Speaking of aging out, Sen. Elizabeth Warren (D-MA) isn't particularly close to doing so, at least not by the standards of the U.S. Senate. Yesterday, in a development that is surprising to approximately no one, the 73-year-old Senator announced that she will run for a third term next year.
Warren is popular in Massachusetts, and the state is very blue, so she's a shoo-in to be reelected. The Republicans will try to find a sacrificial lamb who can self-fund, but that person will lose big time. The only GOP candidate who has a chance to keep the race respectable is former governor Charlie Baker, but he's busy making big bucks running the NCAA, he appears to be done with politics, and he would lose, too (just by a smaller margin). One can scarcely imagine what Warren would have to do to lose the race. Maybe if she was caught having an extramarital affair with Donald Trump. She'll be 81 at the end of a third term, which is younger than three current members of the Senate (Chuck Grassley, R-IA; Dianne Feinstein, D-CA; and Bernie Sanders, I-VT). There are also another dozen senators within a couple years of 81 right now. So, she won't be an outlier.
Meanwhile, speaking of Feinstein, Rep. Ro Khanna (D-CA) announced yesterday that he's not going to throw his hat into the ring, and that he will leave Reps. Adam Schiff, Katie Porter and Barbara Lee (all D-CA) to duke it out. He also gave his endorsement to Lee. Khanna's problem is that he would be angling for the progressive vote, which is the same segment that Porter and Lee are angling for. California may be very blue, but there just aren't enough progressive voters to go around. Indeed, California Democrats actually skew pretty moderate, which is why the open seat was occupied by Feinstein—who is very, very moderate—for so many years.
The general presumption is that Khanna, in foregoing a Senate run, is positioning himself for a presidential run in the Bernie lane. After all, if Joe Biden runs again in 2024, as seems likely, then the next opportunity for a serious progressive challenger will come in 2028, by which time Sanders will be pushing 90. It's not yet been shown that a person can actually win the White House from the Bernie lane, but clearly Khanna would like to try it.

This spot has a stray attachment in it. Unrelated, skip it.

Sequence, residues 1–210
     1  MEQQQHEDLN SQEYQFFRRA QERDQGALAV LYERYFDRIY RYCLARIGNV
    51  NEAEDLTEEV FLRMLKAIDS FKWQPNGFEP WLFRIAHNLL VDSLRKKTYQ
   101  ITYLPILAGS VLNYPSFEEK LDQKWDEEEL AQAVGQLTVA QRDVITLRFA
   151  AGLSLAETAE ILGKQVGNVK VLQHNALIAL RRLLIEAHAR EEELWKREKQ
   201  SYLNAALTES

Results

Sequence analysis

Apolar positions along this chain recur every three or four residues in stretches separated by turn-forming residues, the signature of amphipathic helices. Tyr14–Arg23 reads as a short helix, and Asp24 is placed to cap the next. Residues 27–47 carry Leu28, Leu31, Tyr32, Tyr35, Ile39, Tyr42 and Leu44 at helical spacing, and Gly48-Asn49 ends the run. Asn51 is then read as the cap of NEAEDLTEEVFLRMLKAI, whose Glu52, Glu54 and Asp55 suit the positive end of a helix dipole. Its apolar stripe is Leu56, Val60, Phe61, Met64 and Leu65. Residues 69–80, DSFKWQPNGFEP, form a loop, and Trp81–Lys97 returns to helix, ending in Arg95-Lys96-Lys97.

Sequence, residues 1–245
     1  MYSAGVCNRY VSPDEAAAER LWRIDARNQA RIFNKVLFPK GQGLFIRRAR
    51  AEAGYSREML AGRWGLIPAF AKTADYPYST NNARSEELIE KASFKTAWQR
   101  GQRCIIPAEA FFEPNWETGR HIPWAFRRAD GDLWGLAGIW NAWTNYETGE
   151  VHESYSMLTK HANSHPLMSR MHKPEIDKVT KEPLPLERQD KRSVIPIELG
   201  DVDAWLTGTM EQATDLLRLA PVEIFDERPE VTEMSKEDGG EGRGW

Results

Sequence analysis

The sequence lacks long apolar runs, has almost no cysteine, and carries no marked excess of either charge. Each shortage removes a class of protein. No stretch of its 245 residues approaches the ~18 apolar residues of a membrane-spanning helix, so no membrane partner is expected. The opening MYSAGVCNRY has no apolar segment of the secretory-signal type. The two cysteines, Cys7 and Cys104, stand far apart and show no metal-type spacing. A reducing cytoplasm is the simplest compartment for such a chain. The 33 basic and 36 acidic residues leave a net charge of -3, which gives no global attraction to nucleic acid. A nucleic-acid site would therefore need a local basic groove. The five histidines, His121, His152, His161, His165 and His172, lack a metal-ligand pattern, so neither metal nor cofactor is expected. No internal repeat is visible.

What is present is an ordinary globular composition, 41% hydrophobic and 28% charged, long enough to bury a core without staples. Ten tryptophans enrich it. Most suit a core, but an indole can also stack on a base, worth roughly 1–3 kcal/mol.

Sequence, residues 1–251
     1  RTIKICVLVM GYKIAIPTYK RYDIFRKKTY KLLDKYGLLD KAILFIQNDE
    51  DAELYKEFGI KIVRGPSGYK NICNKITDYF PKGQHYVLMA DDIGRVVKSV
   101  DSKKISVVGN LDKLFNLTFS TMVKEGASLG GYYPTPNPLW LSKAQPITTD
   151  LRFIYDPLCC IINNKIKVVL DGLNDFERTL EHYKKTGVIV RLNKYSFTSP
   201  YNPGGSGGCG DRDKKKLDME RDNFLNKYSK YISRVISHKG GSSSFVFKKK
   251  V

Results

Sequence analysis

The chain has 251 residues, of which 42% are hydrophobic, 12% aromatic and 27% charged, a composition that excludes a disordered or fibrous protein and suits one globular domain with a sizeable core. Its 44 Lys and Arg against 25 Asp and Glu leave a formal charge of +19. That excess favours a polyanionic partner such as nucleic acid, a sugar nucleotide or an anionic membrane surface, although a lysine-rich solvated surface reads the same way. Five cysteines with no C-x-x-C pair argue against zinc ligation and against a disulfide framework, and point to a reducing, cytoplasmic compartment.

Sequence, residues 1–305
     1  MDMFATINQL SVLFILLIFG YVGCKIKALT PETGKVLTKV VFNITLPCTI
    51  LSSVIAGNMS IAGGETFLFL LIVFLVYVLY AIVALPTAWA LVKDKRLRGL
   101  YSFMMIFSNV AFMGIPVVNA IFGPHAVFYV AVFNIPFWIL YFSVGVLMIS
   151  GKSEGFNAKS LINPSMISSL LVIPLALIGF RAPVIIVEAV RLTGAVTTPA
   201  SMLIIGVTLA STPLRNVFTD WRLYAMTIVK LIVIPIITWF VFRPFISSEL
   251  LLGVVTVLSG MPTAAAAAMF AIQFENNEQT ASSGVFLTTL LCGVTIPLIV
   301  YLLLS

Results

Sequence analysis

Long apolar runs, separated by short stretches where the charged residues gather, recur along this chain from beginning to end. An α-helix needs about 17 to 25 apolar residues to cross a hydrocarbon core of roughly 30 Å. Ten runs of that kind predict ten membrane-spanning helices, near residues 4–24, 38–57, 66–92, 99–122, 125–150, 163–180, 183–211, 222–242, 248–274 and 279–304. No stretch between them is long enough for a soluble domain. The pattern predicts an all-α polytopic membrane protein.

Meanwhile, the Democratic Party is undoubtedly thrilled that the number of serious Democrats in the U.S. Senate race is likely to be capped at three. Republicans tend to get about 40% of the vote in statewide races, and if there were four serious Democrats running, it was at least possible that the voting would end up something like this: Republican 1 (20%), Republican 2 (20%), Schiff (15%), Porter (15%), Lee (15%), Khanna (15%). In that case, thanks to California's jungle-style primary, the two Republicans would advance to the general. This was not likely, mind you, but it was at least possible. However, with just three serious Democrats, the slim chance of this happening is now effectively down to zero. Especially since the Republicans don't even have one candidate yet, much less two. We seriously doubt that Lee could win statewide since the other two are (1) much better known statewide and are (2) fundraising powerhouses. So most likely, the general election will be Porter vs. rich unknown Republican or Schiff vs. rich unknown Republican. (Z)